Certified registered nurse anesthetists, or CRNAs, administer anesthesia (both general and regional/local) and related care to patients before, during, and after surgical, therapeutic, diagnostic, and obstetrical procedures. Before any surgery begins, CRNAs will talk to patients about their current medications, allergies, and illnesses so they will be able to safely provide anesthesia. It is the CRNA’s job to administer the required anesthesia so the patient will not feel pain. They also monitor patients’ vital signs during the procedure and adjust anesthesia as needed. Additionally, CRNAs may also provide pain management and some emergency services.
CRNA Education & Requirements
CRNAs are advanced practice nurses and must earn a master’s degree from an accredited program. However, prior to obtaining the master’s degree, individuals interested in becoming CRNAs must earn their RN credential and complete a year of critical care experience. Lastly, to earn the CRNA designation, individuals must pass the national certification exam.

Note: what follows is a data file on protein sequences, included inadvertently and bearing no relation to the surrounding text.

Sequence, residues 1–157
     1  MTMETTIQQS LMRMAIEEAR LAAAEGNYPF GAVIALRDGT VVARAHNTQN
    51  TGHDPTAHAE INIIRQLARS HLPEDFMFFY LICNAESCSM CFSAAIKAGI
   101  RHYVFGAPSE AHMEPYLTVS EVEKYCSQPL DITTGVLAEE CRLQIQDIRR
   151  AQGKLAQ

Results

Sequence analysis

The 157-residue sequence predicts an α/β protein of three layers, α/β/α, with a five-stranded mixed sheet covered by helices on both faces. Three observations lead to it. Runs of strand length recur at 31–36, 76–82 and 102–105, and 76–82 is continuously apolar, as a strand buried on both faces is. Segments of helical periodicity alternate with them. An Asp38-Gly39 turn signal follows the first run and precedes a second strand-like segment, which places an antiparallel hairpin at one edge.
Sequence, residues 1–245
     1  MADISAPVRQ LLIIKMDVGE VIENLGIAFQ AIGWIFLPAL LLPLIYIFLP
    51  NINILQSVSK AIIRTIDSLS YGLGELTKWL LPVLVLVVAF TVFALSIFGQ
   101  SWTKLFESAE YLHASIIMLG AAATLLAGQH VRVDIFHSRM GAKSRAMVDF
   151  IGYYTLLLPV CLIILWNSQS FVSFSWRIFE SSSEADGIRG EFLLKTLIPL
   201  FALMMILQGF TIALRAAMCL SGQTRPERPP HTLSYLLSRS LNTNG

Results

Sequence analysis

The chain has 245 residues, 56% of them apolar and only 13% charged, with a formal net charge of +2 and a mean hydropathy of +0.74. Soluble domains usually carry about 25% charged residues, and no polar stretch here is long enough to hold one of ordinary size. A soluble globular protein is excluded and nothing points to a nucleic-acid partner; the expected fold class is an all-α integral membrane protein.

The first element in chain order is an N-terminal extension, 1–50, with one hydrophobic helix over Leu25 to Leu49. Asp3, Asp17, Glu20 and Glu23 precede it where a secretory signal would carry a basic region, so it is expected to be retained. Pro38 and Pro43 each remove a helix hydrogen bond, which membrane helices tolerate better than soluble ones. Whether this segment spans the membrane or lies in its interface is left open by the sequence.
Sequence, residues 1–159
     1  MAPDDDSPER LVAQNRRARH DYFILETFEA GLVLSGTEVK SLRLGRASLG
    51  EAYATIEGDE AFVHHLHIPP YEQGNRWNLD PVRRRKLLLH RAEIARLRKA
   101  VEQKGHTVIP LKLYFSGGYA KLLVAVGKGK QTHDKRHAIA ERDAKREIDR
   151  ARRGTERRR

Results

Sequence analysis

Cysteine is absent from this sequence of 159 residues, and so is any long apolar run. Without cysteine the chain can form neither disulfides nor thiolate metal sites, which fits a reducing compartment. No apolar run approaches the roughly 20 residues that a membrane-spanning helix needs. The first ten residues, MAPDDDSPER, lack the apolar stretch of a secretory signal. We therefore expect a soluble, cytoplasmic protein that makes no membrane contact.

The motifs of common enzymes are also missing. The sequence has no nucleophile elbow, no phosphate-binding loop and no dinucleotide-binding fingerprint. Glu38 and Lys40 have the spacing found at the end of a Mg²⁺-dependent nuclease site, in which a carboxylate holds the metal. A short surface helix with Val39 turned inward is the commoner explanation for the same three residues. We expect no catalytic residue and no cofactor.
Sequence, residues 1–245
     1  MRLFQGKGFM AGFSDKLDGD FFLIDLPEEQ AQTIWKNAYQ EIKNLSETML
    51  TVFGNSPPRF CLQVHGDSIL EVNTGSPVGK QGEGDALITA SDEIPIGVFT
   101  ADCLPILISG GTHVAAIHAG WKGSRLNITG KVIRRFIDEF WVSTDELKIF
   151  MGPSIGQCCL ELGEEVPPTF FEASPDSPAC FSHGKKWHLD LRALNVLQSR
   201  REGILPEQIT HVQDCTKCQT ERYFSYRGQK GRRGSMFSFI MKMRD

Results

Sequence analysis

CRNA Jobs Outlook
Job prospects for CRNAs are projected to be excellent. The demand to fill CRNA jobs is expected to grow 31 percent from 2014 to 2024, according to the Bureau of Labor Statistics — that is much higher than the average for all occupations. This projected growth is based on the market’s demand, including the health needs of our large, aging population.
CRNA Job Salary
Median annual salary for CRNAs is $160,270, according to the BLS, and the type of facility the CRNA is working in can have an impact on the amount.
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